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IAF not a rag-tag air force, says Naik


Air Chief Marshal P V Naik. A file photo

HINDON (PTI): The IAF dismissed suggestions that its capabilities and strength were weaker than that of China and Pakistan, with Air Chief Marshal P V Naik saying "we are not a rag-tag air force".

Naik told reporters here on Thursday that the IAF fighter squadron strength, though down to 32-33 at present, would increase beginning 2014 and attain maximum levels by 2022.

"This is not a rag-tag air force. The strength we have now is enough. But it should grow in the future," the Air Force chief said on the sidelines of the Air Force Day parade at the airbase here.

He said the IAF's strength was going through the last downward curve and that it will only grow from here.

He gave examples of Israeli 'Phalcon' Airborne Early Warning Systems, new radars, Aerostats and the 126 medium multirole combat aircraft for which test trials of six contending aircraft is in progress.

IAF has already got delivery of a Phalcon radar mounted on an IL-76 transport aircraft and has based it in Agra. It has also got a few Aerostats already and deployed them along the borders with Pakistan in the western sector.

Earlier, addressing the air warriors at the parade, Naik said a large number of acquisitions, including helicopters and transport aircraft, would be in place in the next few years.

"They will provide a quantum leap to the IAF's operational capability. While new inductions are following one after another, present systems have got to carry on," he said, referring to the ageing MiG fighters and Ilyushin and Antonov transport aircraft, Mil helicopters and equipment from Russia.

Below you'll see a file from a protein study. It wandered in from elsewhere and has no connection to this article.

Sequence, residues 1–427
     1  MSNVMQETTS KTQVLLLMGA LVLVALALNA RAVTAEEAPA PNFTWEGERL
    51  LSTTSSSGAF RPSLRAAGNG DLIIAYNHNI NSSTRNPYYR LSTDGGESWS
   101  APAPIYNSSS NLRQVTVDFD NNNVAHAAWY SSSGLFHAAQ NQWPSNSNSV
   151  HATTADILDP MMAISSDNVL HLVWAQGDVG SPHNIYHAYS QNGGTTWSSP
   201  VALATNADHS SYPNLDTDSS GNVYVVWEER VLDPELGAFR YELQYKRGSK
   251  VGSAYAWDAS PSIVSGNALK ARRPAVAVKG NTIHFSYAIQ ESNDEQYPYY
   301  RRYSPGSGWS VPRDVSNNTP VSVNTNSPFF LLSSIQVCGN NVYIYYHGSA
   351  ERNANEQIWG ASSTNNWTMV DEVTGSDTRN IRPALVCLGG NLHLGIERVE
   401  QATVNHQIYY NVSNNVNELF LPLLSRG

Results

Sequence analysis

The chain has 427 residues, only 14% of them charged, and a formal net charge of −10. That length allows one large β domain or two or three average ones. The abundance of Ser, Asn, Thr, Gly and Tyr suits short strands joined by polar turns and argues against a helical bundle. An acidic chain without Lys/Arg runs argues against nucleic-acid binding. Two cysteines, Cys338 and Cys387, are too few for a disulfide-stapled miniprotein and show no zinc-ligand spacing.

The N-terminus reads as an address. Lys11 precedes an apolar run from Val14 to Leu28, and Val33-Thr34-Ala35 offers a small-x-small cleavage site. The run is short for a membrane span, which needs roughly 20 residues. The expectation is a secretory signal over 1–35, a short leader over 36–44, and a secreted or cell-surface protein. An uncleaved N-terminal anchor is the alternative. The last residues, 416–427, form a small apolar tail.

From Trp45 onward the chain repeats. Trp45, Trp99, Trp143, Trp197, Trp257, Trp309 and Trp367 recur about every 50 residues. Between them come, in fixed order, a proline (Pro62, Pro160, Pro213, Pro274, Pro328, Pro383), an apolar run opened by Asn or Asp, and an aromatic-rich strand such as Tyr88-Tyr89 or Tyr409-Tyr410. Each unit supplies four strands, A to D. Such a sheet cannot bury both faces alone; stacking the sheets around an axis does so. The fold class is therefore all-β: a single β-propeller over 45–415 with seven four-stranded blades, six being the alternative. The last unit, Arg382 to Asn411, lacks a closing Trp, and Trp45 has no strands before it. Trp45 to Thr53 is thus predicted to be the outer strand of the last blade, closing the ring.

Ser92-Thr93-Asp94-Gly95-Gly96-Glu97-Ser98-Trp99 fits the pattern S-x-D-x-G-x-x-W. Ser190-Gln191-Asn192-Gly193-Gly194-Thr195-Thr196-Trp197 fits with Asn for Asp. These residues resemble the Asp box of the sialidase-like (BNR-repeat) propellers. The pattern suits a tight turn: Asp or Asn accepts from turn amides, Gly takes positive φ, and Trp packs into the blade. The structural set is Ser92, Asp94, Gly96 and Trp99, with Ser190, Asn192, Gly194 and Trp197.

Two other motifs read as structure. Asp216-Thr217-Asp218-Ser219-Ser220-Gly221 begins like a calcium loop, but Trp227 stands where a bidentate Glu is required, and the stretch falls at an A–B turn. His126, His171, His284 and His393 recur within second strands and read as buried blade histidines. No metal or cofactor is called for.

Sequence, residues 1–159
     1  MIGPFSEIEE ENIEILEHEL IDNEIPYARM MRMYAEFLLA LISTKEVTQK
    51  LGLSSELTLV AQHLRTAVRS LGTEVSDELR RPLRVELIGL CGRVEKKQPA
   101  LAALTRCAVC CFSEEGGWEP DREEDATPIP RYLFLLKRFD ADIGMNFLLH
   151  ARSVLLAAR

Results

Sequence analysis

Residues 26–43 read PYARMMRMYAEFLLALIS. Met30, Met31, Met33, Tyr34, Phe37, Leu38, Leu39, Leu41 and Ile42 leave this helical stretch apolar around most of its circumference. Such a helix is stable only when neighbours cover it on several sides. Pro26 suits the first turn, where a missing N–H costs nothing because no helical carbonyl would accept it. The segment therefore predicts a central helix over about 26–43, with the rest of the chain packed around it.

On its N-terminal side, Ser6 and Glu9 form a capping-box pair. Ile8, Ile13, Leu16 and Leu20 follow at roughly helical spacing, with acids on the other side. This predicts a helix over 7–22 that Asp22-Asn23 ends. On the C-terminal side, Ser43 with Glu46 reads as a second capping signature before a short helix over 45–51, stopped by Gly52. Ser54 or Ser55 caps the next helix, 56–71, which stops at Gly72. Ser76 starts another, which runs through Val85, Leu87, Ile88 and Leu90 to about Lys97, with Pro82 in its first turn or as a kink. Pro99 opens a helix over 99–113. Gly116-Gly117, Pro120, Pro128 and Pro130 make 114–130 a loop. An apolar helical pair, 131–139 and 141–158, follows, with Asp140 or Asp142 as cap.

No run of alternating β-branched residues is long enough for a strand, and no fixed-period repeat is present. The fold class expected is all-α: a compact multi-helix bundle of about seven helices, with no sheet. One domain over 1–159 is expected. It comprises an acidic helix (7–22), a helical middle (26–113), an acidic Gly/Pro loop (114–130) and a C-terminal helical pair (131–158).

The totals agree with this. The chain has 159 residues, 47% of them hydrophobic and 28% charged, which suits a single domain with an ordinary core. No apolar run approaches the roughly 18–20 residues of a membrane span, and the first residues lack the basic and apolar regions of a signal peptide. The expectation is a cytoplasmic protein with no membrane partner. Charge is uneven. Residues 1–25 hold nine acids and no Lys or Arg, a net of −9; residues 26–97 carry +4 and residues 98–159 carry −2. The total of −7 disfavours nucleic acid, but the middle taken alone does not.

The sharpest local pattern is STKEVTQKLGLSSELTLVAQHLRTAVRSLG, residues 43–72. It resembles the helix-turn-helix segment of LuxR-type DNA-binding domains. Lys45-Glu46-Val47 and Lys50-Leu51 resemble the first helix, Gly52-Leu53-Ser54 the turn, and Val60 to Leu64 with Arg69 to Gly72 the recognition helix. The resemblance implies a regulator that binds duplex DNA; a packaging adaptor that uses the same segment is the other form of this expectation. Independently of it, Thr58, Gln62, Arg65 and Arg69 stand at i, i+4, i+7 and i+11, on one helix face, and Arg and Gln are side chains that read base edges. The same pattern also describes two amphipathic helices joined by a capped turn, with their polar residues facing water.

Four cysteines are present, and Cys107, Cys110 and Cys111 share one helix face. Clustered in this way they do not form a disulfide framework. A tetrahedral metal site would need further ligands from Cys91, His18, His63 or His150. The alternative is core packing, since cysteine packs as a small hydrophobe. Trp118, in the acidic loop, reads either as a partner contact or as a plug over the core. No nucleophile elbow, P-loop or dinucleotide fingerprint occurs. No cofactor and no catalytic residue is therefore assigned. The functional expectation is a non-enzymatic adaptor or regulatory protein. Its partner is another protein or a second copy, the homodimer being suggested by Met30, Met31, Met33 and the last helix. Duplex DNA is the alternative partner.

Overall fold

"A great responsibility lies on all of us, to ensure that while we absorb new technology, we continue operating all current systems, effectively and efficiently," he added.

Naik said the first AWACS, which is under operational induction, would change the very manner that IAF carried out both offensive and defensive operations.

Though the government had initiated austerity measures for "rationalisation of expenditure and optimisation of available resources," he said the capability expansion plans of the IAF would continue "without compromising on operational preparedness" of the force.

"We must exercise financial prudence and further economise our expenditure," he advised the IAF personnel.

Naik said he saw a future where the IAF would project its aerospace power "credibly" within its zone of influence with "precision, speed, and high intensity, against a variety of objectives.

"The IAF has to be capable of dominating the entire spectrum of information, cyberspace and airspace so that we can conduct operations efficiently and on our terms," he said.

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